Trust, culture behind PWC's flexible working policy

by Miklos Bolza04 Aug 2015
PricewaterhouseCoopers has extended its flexible working policy to all 6,000 of its employees, giving them the freedom to choose their own working hours.
 
PwC’s policy has reversed the onus on employees to convince management to fit in with their schedules. Instead, under the new program, managers must find a way to make the arrangements work unless they can convince their own superiors that this is impossible. Examples of potential working arrangements that are being offered include working part-time, job sharing, varied work hours and telecommuting.
 
Human capital partner for PwC, Debra Eckersley, said: “We trust our people to decide the best way to work for themselves and to make sure we are still delivering great client service. People are working different hours, not necessarily more or less,” she told the Australian Financial Review.
 
First trialled earlier this year, these flexible working arrangements have benefited PwC as a whole, Eckersley said. “We would overwhelmingly say it has had a positive impact on our productivity. We are a people business so it is all about how we enable our people to be at their best and we know they are at their best when they feel their life is under control”.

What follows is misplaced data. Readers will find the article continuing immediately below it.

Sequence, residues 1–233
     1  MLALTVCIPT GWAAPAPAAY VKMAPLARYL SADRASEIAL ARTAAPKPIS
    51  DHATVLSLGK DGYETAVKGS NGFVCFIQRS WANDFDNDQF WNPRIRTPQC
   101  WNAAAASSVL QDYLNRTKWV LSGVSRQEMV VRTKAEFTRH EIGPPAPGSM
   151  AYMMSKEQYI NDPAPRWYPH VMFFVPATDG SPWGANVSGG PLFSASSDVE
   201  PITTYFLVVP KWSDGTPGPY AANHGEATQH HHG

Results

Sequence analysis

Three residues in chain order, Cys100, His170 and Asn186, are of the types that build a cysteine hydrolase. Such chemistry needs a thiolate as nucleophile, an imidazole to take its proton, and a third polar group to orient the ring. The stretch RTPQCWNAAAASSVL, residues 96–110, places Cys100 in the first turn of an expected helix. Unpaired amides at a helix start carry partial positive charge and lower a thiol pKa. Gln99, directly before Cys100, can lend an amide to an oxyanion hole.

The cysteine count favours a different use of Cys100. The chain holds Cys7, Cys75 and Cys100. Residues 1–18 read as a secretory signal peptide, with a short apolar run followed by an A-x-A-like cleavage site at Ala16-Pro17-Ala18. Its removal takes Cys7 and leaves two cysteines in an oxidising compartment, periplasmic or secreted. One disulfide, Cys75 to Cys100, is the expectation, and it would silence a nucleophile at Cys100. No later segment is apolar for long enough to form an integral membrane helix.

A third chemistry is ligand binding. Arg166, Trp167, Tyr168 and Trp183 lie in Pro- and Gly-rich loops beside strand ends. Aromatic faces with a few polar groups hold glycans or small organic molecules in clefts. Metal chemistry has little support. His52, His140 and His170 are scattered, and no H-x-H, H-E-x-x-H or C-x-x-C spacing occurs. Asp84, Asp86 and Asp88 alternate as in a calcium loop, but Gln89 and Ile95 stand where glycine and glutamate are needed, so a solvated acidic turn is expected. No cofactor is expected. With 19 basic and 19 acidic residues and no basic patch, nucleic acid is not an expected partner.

Eckersley said that these flexible work arrangements could be taken for a range of reasons including hobbies, creative pursuits, family obligations and religious holidays.
 
This move sees PwC join companies such as Telstra which rolled out its All Roles Flex program in March 2014.
 
“[Flexibility] will be considered the starting point for all roles – both at the recruitment stage and for current employees,” David Thodey, the then CEO of Telstra, said. “Our work is not just about numbers, although this is certainly important. It is really about creating an inclusive culture within our organisations for both women and men to achieve their full potential.”
 
By introducing its own flexible working policy, PwC hopes to attract high-level talent to its organisation. This comes at a time when other major corporations are trying new and innovative approaches to nurture and build staff satisfaction. For instance, Deloitte and Accenture have recently announced the end to annual performance reviews, instead focusing on more organic methods of evaluation and appraisal which are less disruptive to employees.
 
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